This may be one of my more spoilery reviews, so be forewarned; it's a hard movie to talk about without describing what happens, and yet, what happens is so slight that knowing the story in advance doesn't really spoil anything. You'll either be amused or you won't, and if the story description doesn't do it for you, I don't think the movie will either. For a lot of these reviews, I've written things like "don't let my summary dissuade you from seeing it, it doesn't do the story justice" - but in this case, I feel like it's an accurate summary of a trifle of a film. In Once Upon A Time, Grant plays a conniving talent agent who must come up with $100,000 or lose the theater he has rented. As he's walking around, he encounters a young orphan boy (played by Ted Donaldson) who has something hidden in a shoebox he wants to show Grant. Of course, Grant doesn't want to look, but when he does, he sees that it's a caterpillar named Curly that dances to the sound of a particular song that young Donaldson plays on the harmonica. (Because the caterpillar lives in a shoebox with a peep hole for viewing the dancing, we never actually get to see this caterpillar; instead, we are treated to visuals of people passing the box around, looking inside, and then suddenly looking astonished. This astonishment was not shared by me as I watched the film.) Donaldson refuses to sell the caterpillar, so Grant offers to make him a partner, and improbably, their caterpillar becomes a nationwide success. Their show is placed in jeopardy when a group of scientists try to take Curly for research purposes; ultimately Grant and Donaldson are able to keep Curly out of their hands. But then Grant receives a telephone offer from Walt Disney himself (who's never actually seen or heard onscreen) for $100,000 for Pinky, it's too much to turn down, and Grant steals the caterpillar from his young friend. Overcome with guilt, Grant can't go through with it, and returns Curly. However, the caterpillar soon disappears, and Grant and Donaldson have a falling out. Members of the Curly fan club conspire to reunite Grant with Donaldson, and they patch up their falling out. As they do that, they discover that Curly hasn't actually gone missing - he's just transformed from a caterpillar into a butterfly!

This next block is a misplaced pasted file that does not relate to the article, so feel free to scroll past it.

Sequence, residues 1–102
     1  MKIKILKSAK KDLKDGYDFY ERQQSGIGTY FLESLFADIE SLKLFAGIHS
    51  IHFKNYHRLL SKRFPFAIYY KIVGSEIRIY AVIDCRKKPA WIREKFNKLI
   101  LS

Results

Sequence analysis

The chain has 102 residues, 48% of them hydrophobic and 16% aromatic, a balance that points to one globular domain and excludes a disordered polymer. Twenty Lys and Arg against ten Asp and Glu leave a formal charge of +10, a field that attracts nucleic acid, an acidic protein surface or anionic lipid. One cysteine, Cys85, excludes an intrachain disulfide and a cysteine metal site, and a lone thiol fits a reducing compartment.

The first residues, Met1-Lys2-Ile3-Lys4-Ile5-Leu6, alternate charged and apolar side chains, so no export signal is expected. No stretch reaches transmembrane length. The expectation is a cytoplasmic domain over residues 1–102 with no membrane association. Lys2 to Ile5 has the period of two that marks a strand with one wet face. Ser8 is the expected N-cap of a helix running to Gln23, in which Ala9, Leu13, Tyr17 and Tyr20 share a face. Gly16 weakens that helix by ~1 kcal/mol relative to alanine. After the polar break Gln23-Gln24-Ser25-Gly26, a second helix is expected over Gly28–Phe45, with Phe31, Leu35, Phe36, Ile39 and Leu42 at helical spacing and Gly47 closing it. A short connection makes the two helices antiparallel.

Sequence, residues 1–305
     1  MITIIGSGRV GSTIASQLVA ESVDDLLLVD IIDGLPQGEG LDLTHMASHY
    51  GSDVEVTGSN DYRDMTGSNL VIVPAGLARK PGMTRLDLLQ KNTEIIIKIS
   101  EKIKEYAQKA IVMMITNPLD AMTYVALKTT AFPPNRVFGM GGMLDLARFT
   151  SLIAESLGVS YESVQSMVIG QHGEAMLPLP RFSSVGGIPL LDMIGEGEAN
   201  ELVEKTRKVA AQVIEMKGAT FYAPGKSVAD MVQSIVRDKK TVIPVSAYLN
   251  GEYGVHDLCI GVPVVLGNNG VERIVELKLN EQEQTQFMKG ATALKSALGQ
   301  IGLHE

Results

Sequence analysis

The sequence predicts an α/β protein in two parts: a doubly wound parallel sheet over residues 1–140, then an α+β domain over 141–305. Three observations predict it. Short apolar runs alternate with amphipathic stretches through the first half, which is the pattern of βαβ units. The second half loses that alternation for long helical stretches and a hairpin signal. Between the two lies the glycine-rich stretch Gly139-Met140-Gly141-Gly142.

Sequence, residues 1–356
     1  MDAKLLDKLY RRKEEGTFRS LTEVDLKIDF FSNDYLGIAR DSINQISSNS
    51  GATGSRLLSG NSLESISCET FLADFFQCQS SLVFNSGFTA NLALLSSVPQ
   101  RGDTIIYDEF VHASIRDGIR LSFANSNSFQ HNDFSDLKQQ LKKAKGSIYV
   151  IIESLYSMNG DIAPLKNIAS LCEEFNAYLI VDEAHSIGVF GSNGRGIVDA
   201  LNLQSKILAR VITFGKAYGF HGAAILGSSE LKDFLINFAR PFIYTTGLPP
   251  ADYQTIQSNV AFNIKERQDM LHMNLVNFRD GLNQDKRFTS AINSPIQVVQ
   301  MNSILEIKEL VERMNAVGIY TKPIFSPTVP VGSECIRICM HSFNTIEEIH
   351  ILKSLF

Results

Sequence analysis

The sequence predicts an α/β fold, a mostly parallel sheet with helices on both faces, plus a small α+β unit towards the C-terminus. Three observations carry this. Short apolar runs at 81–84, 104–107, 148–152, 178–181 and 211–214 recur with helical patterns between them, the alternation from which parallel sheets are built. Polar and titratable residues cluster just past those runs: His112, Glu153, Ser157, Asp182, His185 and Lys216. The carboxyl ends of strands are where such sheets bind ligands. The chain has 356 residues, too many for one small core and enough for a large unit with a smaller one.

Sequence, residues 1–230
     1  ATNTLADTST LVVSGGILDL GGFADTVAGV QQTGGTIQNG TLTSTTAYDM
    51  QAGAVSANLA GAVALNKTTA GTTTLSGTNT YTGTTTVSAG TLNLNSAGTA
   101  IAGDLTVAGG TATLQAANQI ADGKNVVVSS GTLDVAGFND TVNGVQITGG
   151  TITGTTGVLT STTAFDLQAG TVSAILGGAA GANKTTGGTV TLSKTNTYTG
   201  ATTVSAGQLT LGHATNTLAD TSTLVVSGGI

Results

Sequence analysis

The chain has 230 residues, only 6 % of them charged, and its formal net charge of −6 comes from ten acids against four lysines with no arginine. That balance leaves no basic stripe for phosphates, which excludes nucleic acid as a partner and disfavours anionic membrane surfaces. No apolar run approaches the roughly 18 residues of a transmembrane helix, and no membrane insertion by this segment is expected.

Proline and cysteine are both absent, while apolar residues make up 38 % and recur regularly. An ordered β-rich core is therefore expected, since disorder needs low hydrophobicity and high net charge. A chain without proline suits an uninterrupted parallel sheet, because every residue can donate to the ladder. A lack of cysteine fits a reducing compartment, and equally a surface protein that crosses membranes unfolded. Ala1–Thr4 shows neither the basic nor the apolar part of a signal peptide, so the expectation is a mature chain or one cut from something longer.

If that sounds underwhelming, it played that way for me too. Grant plays a nasty character here. There's been a long screen history of no-good characters who were nonetheless lovable, but this isn't one of them. Grant is frequently rude, conniving and heartless - even going so far as to slap the character Donaldson plays. If there's one thing that will lose you sympathy among an audience, it's probably slapping a defenseless child. And if that didn't do it, that he spends a large portion of the film trying to figure out how to use the kid, and then steal from him, makes it an ugly thing to watch. Yes, Grant and Donaldson patch up their differences at the end, and yes, Grant apologizes and eventually does the right thing, but he does the wrong thing too early and too often into the movie for the ending to wipe out the bad taste that the rest of the film can leave. But really, Grant being nasty isn't the big problem here. The biggest problem is that this is supposed to be a comedy, and yet, it's not really very funny.